John S. CANNON, a well known attorney of Bryan, died at that place on Wednesday morning, 18th inst., after a brief illness.

March 4, 1871

DIED in this township, on 26th ult. of consumption, James SPROULL, aged 21 years.
MARRIED on the 21st inst. by Rev. J. F. Reinmund, at the bride’s home, Mr. William F. DANNENBERG of Defiance and Miss Matilda L. CRAMER of this county. (Seneca)
March 11, 1871
- A cutting affray occurred in a saloon in this place on Wednesday, in which William DRENNING received several frightful gashes in thighs and abdomen, causing great loss of blood. Martin HEISER, an employee at the Boat Yard, who did the deed, alleges that DRENNING knocked him down and that he used the knife in self-defence. DRENNING is under the doctor’s care and HEISER in jail awaiting an examination.
-The State department publishes a notice,of date February 2, 1871, that information has been received at this Department from Mr. E. D. Bruner, the Consul of the United States, at Talenhuana, Chili, of the death on the 30th of December last, at Lota, Chili, of John BRUNER, native of Brunersburg, Ohio.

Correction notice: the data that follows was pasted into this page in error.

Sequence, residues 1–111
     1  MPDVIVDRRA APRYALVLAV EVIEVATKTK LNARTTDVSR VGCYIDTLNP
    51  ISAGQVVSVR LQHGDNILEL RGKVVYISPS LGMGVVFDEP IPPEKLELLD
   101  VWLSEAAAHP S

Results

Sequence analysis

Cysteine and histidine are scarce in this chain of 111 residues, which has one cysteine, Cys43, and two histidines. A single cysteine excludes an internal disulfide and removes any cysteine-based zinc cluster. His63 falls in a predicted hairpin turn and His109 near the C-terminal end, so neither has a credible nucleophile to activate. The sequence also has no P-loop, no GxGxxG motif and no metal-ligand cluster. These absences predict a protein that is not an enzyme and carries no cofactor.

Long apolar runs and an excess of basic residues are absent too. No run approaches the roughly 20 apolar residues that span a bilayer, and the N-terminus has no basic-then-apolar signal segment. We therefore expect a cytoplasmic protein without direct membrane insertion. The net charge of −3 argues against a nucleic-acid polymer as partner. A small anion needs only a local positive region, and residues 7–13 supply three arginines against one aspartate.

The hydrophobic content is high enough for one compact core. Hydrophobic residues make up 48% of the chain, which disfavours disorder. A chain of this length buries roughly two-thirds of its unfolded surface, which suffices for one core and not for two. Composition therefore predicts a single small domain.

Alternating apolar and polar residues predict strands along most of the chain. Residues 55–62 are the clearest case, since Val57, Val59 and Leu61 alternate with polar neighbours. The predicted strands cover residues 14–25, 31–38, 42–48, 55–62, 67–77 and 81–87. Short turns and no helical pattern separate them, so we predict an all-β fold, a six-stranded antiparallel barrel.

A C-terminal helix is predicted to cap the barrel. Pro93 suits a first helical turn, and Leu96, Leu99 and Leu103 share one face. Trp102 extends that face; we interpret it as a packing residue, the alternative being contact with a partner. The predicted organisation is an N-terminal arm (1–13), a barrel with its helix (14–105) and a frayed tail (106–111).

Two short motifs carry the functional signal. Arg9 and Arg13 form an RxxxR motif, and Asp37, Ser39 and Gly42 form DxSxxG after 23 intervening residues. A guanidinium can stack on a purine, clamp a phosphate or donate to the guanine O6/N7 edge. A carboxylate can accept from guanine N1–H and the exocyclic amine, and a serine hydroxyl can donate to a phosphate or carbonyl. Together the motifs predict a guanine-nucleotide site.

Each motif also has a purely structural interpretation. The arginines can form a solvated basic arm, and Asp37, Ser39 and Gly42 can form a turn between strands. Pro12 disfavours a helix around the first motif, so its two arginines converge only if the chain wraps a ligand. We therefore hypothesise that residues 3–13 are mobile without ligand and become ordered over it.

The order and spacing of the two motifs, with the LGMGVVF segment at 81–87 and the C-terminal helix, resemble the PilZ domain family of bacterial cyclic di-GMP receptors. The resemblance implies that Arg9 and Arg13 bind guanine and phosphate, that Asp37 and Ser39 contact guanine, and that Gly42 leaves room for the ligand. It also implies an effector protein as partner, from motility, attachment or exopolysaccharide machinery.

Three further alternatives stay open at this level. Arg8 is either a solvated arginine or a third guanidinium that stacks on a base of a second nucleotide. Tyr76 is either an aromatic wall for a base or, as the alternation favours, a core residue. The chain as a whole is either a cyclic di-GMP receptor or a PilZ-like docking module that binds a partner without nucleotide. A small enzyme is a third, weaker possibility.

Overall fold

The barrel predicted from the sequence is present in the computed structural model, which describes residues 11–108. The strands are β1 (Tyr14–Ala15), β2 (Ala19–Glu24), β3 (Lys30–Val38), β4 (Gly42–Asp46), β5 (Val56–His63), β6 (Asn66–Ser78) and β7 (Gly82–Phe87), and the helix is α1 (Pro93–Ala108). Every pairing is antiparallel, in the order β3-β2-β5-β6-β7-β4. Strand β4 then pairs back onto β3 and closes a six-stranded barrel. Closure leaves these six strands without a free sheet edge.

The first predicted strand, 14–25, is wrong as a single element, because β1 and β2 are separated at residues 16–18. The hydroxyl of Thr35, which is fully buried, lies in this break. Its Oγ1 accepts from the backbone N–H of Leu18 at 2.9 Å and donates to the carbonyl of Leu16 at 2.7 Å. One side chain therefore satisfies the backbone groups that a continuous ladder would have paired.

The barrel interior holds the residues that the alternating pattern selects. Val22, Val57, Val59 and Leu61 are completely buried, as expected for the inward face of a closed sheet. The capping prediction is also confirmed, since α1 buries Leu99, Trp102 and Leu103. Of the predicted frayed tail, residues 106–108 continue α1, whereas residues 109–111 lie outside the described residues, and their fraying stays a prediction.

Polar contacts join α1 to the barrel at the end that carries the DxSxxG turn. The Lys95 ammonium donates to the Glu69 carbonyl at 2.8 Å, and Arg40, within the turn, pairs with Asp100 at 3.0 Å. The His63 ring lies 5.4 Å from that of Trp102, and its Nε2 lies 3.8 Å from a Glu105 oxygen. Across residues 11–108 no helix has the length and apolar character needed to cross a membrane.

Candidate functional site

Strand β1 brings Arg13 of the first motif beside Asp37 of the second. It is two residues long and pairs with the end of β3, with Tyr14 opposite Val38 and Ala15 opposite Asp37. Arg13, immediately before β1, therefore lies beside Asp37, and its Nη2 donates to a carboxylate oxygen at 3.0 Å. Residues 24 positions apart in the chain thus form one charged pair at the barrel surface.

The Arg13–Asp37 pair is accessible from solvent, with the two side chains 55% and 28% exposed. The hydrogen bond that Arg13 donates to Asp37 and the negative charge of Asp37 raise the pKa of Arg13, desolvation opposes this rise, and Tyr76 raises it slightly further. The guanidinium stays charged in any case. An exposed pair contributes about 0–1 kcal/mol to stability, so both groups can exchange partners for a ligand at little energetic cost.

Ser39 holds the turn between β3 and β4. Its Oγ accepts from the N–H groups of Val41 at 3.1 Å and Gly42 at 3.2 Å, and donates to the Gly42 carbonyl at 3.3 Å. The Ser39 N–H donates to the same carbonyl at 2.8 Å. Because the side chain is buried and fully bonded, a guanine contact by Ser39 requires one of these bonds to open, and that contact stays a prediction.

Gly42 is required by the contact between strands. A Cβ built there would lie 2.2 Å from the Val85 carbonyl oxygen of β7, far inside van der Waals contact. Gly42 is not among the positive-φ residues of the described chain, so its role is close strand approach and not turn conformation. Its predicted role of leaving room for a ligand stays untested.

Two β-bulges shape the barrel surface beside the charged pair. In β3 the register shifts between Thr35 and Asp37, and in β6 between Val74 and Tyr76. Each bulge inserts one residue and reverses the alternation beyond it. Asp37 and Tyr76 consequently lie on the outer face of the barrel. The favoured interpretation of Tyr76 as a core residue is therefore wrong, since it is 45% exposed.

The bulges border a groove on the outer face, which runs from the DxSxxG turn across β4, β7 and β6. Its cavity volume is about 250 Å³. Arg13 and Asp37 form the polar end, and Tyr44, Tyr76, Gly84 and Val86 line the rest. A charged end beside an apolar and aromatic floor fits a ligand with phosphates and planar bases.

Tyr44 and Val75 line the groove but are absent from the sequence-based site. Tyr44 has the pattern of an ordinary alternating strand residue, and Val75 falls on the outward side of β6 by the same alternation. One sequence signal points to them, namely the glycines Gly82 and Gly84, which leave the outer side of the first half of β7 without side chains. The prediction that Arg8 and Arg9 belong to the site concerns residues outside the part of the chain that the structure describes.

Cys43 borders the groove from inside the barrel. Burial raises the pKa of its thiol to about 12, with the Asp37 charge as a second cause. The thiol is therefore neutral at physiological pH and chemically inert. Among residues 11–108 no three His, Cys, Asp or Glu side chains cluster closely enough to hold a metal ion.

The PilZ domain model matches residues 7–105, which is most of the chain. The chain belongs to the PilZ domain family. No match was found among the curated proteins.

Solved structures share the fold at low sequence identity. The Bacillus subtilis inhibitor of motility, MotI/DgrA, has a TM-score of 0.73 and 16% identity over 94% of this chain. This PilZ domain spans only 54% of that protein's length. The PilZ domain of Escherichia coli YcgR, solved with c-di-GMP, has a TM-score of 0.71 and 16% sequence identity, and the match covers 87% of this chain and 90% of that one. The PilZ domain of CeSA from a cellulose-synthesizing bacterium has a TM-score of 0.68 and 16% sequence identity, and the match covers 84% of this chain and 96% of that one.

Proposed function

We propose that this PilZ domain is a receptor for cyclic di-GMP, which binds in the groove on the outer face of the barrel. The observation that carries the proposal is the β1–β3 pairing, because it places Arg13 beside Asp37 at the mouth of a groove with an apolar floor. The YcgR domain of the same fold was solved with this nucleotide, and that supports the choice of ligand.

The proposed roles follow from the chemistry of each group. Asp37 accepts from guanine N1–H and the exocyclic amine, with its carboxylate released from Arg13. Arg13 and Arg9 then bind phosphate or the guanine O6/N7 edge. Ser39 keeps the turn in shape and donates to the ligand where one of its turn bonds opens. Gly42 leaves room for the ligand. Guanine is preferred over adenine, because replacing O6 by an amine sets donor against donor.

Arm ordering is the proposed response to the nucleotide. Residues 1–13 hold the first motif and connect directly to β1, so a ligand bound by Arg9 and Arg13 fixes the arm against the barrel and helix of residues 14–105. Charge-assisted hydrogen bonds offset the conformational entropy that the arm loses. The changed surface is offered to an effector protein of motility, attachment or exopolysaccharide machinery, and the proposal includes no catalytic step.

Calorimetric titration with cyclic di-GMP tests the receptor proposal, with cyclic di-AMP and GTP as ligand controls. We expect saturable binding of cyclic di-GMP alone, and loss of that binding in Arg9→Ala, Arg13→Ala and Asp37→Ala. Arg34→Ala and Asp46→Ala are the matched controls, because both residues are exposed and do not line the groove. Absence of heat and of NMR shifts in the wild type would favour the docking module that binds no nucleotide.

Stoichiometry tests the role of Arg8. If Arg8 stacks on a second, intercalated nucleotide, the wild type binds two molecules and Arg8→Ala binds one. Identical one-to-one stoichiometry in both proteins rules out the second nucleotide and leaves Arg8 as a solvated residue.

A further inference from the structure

The oldest resident of Brunersburg can remember no John Bruner, ever resident or known there.
WAR OF 1812 – The act granting pensions to the surviving officers and soldiers of the war of 1812 has become a law, and received the President’s signature on the 18th of February. It includes also the widows of deceased soldiers. The act designates "officers, enlisted and drafted men, including militia and volunteers of the military and naval service of the United States, who served sixty days in the War with Great Britain of 1812," and who were honorably discharged and also who were "loyal" during the recent civil War. This bounty or rather act of justice has been withheld so long that but few are yet remaining. Many to whom this would have been of service have long since passed away, victims of ingratitude of the Government.
March 18, 1871 p. 2

MARRIED on Sunday last by Rev. B. W. Slagle, Mr. John W. GENSHEIMER of Erie, Pa to Miss Ida R., Daughter of Edwin PHELPS, Esq. of Defiance
March 25, 1871 p. 2